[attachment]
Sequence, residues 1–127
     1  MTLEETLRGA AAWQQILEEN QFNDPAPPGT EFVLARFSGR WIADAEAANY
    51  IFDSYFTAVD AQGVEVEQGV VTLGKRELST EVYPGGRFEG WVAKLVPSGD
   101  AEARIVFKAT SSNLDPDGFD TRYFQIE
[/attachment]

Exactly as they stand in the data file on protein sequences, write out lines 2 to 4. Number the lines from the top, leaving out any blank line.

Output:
     1  MTLEETLRGA AAWQQILEEN QFNDPAPPGT EFVLARFSGR WIADAEAANY
    51  IFDSYFTAVD AQGVEVEQGV VTLGKRELST EVYPGGRFEG WVAKLVPSGD
   101  AEARIVFKAT SSNLDPDGFD TRYFQIE